After almost two decades of discussion, the ASEAN Economic Community (AEC) will be proclaimed on 31st December. The AEC is a potentially significant and competitive economic region, should it be allowed to develop according to the aspiration of being a “single market and production base, with free flow of services, investments, and labour, by the year 2020”.
The ASEAN region as a composite trading block has the third highest population at 634 million, after China and India. GDP per capita is rapidly rising. The AEC would be the 4th largest exporter after China, the EU, and the United States, with still very much scope for growth from Cambodia, Myanmar, the Philippines, and Vietnam from a diverse range of activities ranging from agriculture, food, minerals and commodities, electronics, and services. The coming AEC is already the 4th largest importer of goods after the United States, EU, and China, making it one of the biggest markets in the world.
Unlike the other trade regions, the AEC still has so much potential for growth with rising population, rising incomes, growing consumer sophistication, and improving infrastructure.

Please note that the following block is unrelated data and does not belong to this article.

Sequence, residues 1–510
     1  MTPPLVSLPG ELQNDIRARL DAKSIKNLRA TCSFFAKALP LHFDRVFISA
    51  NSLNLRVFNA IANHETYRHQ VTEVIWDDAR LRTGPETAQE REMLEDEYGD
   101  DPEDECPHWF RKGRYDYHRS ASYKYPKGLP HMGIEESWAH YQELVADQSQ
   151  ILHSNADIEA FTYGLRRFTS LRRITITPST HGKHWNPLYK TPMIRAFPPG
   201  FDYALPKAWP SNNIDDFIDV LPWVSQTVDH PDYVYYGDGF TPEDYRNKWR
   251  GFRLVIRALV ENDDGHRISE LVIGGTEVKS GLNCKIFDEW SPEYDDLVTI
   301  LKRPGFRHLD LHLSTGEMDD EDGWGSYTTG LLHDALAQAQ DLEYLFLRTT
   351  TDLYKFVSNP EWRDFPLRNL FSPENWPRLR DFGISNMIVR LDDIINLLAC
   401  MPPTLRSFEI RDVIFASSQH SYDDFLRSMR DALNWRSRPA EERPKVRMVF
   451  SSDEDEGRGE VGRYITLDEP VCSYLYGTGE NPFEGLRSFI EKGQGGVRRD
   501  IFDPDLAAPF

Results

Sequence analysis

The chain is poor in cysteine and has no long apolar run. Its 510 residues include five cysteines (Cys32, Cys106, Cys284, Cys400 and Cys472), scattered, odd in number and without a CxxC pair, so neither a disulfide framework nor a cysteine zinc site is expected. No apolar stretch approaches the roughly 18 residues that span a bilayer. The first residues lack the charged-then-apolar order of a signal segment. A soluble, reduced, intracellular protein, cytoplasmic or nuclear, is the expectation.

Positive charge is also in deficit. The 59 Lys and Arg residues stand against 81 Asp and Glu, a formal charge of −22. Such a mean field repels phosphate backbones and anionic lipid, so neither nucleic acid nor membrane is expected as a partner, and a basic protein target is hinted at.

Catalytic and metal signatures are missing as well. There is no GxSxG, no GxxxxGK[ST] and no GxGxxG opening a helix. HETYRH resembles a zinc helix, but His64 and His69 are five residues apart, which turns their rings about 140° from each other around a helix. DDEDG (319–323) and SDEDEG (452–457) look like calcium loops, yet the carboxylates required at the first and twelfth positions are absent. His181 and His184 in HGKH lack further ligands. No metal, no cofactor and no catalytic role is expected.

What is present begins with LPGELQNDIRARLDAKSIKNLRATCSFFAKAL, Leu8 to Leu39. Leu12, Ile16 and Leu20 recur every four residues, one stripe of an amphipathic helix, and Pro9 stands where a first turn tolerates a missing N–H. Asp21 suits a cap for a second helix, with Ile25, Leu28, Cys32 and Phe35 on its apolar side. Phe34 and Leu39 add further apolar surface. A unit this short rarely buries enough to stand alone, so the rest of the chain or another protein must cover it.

Perhaps the biggest benefit of the upcoming AEC is the expected boost this will give to intra-ASEAN trade. Most ASEAN nations have previously put their efforts into developing external relationships with the major trading nations like the EU, Japan and the US through bilateral and free trade agreements. To some extent, the potential of intra-ASEAN trade was neglected, perhaps with the exception of the entrepot of Singapore.
The AEC is an opportunity to refocus trade efforts within the region, especially when Vietnam, Cambodia, Indonesia are rapidly developing, and Myanmar is opening up for business with the rest of the region.
The social, cultural, political and business interchange within the region has traditionally been low, until the rapid increase of intra-ASEAN travel, due to the low-cost airline explosion within the region.
Today intra-ASEAN trade is approximately 25% of total trade, growing around 10.5% per annum, and expected to reach 30% of total ASEAN trade by the year 2020.